The digital divide is a manifestation of the disparities that exist in the access and use of ICTs. While there are those who have adequate access to information and communication technologies, a minority composite of the American populace are unable to harness ICTs and reap from the wide range of benefits inherent in the information superhighway. The factors that promote the existence of this divide are as varied as the solutions that exist to minimize the divide. Knowledge based societies are driving the use of e commerce as a major stimulant for economic growth and no country can afford to be left behind. This paper offers an analysis on the causes of digital divide and the interventions that can be used to minimize the extent of this divide.
Digital divide basically encompasses three primary integral components; equality of access, literacy and information literacy. It therefore refers to the gaps that exist in the understanding and ability to use information technology, access to these technologies and finally the capability to maximally exploit information technology in this age of digital communication and information revolution. While there exists legislations that govern the right of access to information technology and consequently information literacy, the digital divide has persisted for decades. The digital divide can also be viewed as a reflection of the socioeconomic differences among individuals.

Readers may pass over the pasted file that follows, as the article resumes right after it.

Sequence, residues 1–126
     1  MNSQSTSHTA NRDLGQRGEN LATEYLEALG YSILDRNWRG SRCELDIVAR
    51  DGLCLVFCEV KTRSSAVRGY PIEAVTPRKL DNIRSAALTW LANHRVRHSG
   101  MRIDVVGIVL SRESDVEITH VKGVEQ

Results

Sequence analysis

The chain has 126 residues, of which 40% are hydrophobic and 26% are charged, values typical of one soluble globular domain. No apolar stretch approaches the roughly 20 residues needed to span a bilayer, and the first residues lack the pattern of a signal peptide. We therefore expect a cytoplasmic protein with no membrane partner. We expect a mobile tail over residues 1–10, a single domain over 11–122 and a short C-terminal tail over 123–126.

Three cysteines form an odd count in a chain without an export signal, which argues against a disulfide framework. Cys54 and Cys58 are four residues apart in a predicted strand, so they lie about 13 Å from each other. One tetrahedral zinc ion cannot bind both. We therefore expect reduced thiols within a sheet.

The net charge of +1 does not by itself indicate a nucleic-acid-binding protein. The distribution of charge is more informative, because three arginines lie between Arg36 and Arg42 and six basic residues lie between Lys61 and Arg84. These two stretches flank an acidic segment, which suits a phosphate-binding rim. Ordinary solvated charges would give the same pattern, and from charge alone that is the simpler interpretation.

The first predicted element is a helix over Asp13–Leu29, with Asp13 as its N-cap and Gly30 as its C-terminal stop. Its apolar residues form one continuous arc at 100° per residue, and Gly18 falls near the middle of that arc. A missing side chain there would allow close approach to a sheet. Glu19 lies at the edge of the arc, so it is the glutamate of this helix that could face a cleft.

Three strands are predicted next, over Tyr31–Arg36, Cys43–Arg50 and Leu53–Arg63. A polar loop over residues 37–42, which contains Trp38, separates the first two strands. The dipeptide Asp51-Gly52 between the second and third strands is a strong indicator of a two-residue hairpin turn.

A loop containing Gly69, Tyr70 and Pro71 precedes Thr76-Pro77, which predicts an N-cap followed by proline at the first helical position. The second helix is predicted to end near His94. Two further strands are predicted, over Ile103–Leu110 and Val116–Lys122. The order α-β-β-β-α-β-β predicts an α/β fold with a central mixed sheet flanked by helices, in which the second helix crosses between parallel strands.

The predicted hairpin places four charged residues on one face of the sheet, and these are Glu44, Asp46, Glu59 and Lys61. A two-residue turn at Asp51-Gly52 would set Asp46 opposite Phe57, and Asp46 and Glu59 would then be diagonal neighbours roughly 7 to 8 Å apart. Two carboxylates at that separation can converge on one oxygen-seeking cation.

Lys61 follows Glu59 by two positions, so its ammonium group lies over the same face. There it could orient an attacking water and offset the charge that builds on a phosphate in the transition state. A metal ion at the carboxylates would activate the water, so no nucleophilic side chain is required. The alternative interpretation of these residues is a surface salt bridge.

The Global Digital Divide (GDD) is a major component of globalization. In the world today, economic prosperity is being driven by the concept of knowledge based economy. Telecommunication and ICT empowers nations to speed up their acquisition of relevant information infrastructure and industrial applications. Moreover, Internet and ICT is becoming the most predominant strategy employed in stimulating foreign direct investments (FDI), research and development as well as technology transfer (Jusawalla, 2003). Digital divide among counties manifests itself as disparities in the level of economic development because knowledge and adoption of information technology are significant in production and service provision.
Initially, access to telecommunication technology was the main characteristic of the digital divide but the advent of Internet Communication Technologies (ICT) has served to strain the divide even further widening the gap between the information haves and have nots. To effectively institute policies and regulations that can curb the ongoing trend, it is prudent to understand the underlying factors that facilitate the digital divide and what specific parameters can be used to measure the extent of the digital divide. Principally, the presence requisite communication infrastructure is the first determinant of access to telecommunication and ICT services, the availability of computers, internet access and other communication gadgets such as mobile phones and television sets determine the level of access among households, businesses institutions as well as nations. Income and education levels are the main factors that determine the speed of adoption of information technologies (OECD, 2001).